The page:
Dicke is the director and teacher of Kindermusik at Trinity, a program that emphasizes musical concepts, instrument playing, singing, dancing, and vocal play to help children develop musical skills. Kindermusik classes are an exceptional way to encourage and develop vocabulary skills, dance, and a child’s love for music. Additionally, Kindermusik creates great success in future musical abilities by focusing on rhythmic patterns, language, dance rudiments, orchestral instrument identification, learning to play different types of instruments, and musical structure concepts.
Kindermusik emphasizes the importance of continuing the learning at home with a set of At-Home Materials included with each semester of classes. These materials include literature books, musical CD’s, and family activity books, all of which allow parents or caregivers to be interact with their children. Dicke states, “We’ve been doing Kindermusik at Trinity for almost ten years, since 2003, and I’ve had so many parents over the years say that when they put the CD on in the car, the kids calm down. They are able to continue the trip that they are on…The literature books that they get from Kindermusik are their favorite books and their CD’s are their favorite CD’s. Also, in their home activity book, there are other ideas that kids and caregivers can do: games and crafts.” At home, parents help children with vocal play, vocabulary development, and conversational skills. Dicke is also greatly giving back to the community with this program because it is an area that is not covered with such detail in educational classrooms with children, making it a unique program for all ages.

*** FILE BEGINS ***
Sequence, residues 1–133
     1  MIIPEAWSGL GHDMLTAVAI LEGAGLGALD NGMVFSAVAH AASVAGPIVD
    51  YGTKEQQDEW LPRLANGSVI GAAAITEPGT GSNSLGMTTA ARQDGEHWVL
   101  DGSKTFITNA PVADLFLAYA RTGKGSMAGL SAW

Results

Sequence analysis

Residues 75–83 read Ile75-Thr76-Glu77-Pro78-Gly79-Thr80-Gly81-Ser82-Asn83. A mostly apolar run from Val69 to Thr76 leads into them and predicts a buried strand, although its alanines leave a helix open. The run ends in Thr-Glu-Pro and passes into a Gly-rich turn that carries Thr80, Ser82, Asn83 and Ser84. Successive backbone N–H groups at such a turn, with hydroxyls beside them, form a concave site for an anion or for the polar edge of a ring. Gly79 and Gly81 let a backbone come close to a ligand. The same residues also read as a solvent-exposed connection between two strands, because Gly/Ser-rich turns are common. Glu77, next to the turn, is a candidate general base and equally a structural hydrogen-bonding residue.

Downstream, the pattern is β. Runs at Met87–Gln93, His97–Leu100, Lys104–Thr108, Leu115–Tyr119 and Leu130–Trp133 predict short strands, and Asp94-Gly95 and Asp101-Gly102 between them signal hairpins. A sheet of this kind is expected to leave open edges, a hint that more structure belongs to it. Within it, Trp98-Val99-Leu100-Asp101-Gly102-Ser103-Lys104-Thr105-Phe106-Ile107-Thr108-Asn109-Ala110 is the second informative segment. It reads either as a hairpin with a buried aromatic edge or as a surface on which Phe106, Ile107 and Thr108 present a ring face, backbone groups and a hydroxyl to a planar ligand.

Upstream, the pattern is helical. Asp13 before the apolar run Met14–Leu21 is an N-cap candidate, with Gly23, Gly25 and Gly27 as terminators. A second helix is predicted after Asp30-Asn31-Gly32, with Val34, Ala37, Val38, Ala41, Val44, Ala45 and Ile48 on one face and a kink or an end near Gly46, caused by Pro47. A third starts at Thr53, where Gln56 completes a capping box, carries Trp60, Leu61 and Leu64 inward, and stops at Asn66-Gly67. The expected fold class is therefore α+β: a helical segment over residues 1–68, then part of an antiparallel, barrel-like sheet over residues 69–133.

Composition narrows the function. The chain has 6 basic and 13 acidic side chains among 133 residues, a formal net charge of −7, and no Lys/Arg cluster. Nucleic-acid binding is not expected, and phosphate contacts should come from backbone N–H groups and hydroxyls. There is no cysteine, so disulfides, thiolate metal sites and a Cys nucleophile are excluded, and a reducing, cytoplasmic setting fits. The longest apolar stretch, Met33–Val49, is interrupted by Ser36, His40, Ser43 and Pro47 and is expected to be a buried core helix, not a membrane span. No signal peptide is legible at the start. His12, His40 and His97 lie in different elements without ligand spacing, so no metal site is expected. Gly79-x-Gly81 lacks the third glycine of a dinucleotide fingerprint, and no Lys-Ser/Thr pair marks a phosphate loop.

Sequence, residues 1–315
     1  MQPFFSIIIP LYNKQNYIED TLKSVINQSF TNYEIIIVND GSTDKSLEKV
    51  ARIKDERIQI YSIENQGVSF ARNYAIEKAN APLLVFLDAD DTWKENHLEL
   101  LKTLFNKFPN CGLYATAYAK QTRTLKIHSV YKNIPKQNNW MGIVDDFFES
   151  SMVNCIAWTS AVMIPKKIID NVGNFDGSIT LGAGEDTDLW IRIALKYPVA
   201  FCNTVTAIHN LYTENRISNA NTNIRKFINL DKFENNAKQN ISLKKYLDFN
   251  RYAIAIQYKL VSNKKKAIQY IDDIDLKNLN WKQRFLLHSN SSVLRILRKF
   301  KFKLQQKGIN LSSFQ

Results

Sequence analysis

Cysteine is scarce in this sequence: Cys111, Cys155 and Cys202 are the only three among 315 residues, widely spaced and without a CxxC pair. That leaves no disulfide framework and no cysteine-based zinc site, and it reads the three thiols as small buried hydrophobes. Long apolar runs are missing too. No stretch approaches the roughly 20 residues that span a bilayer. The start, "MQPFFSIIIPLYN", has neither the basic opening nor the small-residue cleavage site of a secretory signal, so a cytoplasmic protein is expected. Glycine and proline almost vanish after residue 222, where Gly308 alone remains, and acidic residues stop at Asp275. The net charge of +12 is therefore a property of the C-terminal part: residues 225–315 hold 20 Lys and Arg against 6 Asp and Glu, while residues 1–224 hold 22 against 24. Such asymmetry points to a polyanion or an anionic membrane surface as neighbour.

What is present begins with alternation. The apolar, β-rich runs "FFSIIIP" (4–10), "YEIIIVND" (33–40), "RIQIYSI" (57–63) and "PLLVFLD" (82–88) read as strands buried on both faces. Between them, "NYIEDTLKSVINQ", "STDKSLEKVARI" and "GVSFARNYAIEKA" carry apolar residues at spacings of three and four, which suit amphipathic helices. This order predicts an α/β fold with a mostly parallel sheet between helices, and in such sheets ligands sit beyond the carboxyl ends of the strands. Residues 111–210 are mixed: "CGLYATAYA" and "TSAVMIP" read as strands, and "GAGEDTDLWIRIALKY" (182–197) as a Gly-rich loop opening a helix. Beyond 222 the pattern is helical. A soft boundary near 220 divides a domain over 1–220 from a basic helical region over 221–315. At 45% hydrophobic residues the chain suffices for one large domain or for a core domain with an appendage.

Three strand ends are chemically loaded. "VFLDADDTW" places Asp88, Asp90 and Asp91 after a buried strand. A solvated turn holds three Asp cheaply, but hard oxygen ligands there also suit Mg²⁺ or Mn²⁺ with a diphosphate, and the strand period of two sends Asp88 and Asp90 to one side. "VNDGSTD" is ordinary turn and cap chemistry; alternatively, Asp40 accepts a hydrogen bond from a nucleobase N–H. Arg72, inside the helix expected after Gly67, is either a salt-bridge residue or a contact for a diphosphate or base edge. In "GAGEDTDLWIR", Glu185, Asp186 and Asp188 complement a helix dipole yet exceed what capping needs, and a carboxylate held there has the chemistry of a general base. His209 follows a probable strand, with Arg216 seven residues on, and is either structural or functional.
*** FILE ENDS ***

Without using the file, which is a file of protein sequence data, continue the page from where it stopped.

Kindermusik, as a promotional flyer states, “…prepares young musicians for a successful future in formal music training.” Children of many age groups come to Trinity Lutheran Church with their parents or other caregivers to clap, laugh, sing, listen and learn. This type of learning experience is unlike any other for children who are developing skills that will shape the rest of their lives.
Dicke says, “Many activities are used to develop neural pathways in a child’s brain. Children learn self-control and how to share and take turns. We sit in a circle in the classroom and I will have an instrument like rhythm sticks, wood block, or drum and only have one. I will start at one end of the circle, and while one child plays the instrument, the others wait for their turn. I go around the circle and each one gets a turn.” The importance of learning how to share and be patient are great skills for children to develop here with simple songs, clapping, drumming as well as singing. A simple song, like “Hot Cross Buns,” allows two year olds to clap and sing while another child uses the drum, then passing it to the next child. In other programs for children, this aspect may not be emphasized. These details put Kindermusik in a class by itself as far as life skills and musical training for children newborn to seven years of age.
Classes like Family Time, for children newborn and up, create a schoolhouse approach to learning and singing through basic music, clapping, and singing. The Village class from newborn to 1 ½ helps children learn the words to lullabies and nursery rhymes, while the educator explains the importance of adding to daily practice with these songs as they develop. Our Time is a great class that takes things a step further introducing more words, motions, games, and songs to move towards independence.